The un-touristed Cambodia passes me by, and I can't help but think of family camping trips. Half-clothed children, permeantly stained a redish-brown from the unescapable dusty, dirt roads, go about their daily activites. Some run back and forth to the water pump, which, thanks to a "clean water act" and generous international donations, is now safer for them to drink. Some bent over a small fire, eating or cooking. Some hanging clothes on the line and others gathering wood. I remember how I felt on my family camping trips--how excited I was when I successfully hung a make-shift clothes line, or gathered the perfect fire wood--how much I loved staying dirty and running around in my little-girl underwear. The memories bring a smile to my face, but when I bring myself back to reality, I remember that this is no camping trip--no weekend of roughing it for these families. This is life. I can't help but wonder what darkness lies in their hearts. Did they too lose loved ones? Did they watch a brother, mother, sister be tourtured? Did someone in their family sacrafice so they could live? When nearly 1 in 4 people were killed in a war that ended less than 30 years ago, there is a high possibility that they would answer 'yes' to at least one of those questions---and that reality continues to haunt my thoughts and break my heart.

In the city of Siem Reap, the newly-built resturants and hotels seem too out of place to enjoy. It's impossible to get through a meal without at least one street kid coming to your table asking for food or water---or a book seller trying desperately to make a buck or two. I find it easier to say no, to continue walking past the beggers in the streets (here or anywhere--) when I know that giving them money is no solution. It becomes so exhausting saying no--to the booksellers with missing limbs (oh yeah, Cambodia is one of the most mined countries in the world), to the kids selling bracelets (12 for $1...MISSS...cheap price for you), paintings, drinks, woven grasshoppers, postcards--that I feel myself getting frustrated. But before I allow that emotion to take over, I ask myself--if saying no exhausts me, what must hearing no do to these kids? This thought kills me, and reminds me to, at the least, keep a smile on my face while saying no for the nteenth time. But when a 4 year old approaches, holding an empty bottle, wearing an infant on her hip, and asking for milk, my heart is all out of 'no's'. It's soothing watching the 2 dirtied faces eat and drink, but I can't help but wonder if my weakness in this situation only did more to hinder the solution--what ever that may be. When I get home that night, the images of the street children are fresh in my mind. When I look down at my white shirt, I notice a face-shaped stain just above my belly-button. It doesn't take long to register that this dirt-print is from the small boy who ran up to me on the street and hugged me---thus leaving an imprint on me---and my shirt!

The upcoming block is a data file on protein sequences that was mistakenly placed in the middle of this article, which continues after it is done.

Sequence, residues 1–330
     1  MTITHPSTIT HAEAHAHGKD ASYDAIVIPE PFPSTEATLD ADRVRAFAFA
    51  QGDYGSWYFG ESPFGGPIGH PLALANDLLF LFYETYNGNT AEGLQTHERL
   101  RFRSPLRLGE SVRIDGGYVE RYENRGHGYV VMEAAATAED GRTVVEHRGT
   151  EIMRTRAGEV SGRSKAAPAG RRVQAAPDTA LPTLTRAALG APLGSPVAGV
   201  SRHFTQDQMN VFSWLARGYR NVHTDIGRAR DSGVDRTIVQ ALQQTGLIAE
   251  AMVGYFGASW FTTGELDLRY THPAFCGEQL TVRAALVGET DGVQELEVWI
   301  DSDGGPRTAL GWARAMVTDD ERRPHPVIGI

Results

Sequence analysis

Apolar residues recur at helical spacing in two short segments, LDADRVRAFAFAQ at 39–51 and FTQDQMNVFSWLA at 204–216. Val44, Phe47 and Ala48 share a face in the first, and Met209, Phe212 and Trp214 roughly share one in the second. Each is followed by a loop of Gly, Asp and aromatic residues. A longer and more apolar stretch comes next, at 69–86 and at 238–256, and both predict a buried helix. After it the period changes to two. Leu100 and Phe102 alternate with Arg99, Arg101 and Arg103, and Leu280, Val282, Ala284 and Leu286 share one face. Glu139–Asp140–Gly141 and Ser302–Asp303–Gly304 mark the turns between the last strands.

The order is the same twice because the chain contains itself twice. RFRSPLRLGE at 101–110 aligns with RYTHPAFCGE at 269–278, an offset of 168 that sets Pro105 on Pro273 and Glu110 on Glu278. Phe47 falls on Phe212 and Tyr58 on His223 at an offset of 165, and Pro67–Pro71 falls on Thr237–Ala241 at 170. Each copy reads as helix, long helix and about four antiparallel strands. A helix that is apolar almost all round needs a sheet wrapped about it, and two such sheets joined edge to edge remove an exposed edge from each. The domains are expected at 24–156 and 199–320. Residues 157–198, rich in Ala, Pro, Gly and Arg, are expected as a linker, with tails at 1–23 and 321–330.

It seemed only fitting that we would end our trip at a local orphange in Battambang. Before I came to SE Asia, I told people that ultimately, I wanted to end up in an Orphange in Cambodia. I had no idea why. The words just seemed to flow out of my mouth without much thought. But as I fought back the stench of urine in the nursery ward and held an innocent, infant body to my chest, I knew I belonged. The calmness of these babies is something I still can't get over. It saddens me to think that they are so accustomed to being alone, that, even in their few months of life, they have already learned to cope...alone. They lay, unentertained, without so much as a whimper. But, when I took 1 after another into my arms, nature took over. If it wasn't immediately obvious that they still do, as nature intends, crave human connection, it became obvious when their eyes moved from a locked fixation on my (foreign) eyes to a deep sleep within minutes of being held. As if they simple needed that reassurance, that touch, to know that everything was going to be okay. I long to do more---and can only hope that I continue to lose sleep at night. In my heart, I know I'll return. Hopefully as a more long-term volunteer at that orphanage. But until then, I'm happy to be home. Happy to start work tomorrow. Happy for the experience, as hard as it may have been. Happy that the people so openly welcomed me into their Kingdom, into their painful past, and invited me to hope with them for a much brighter future.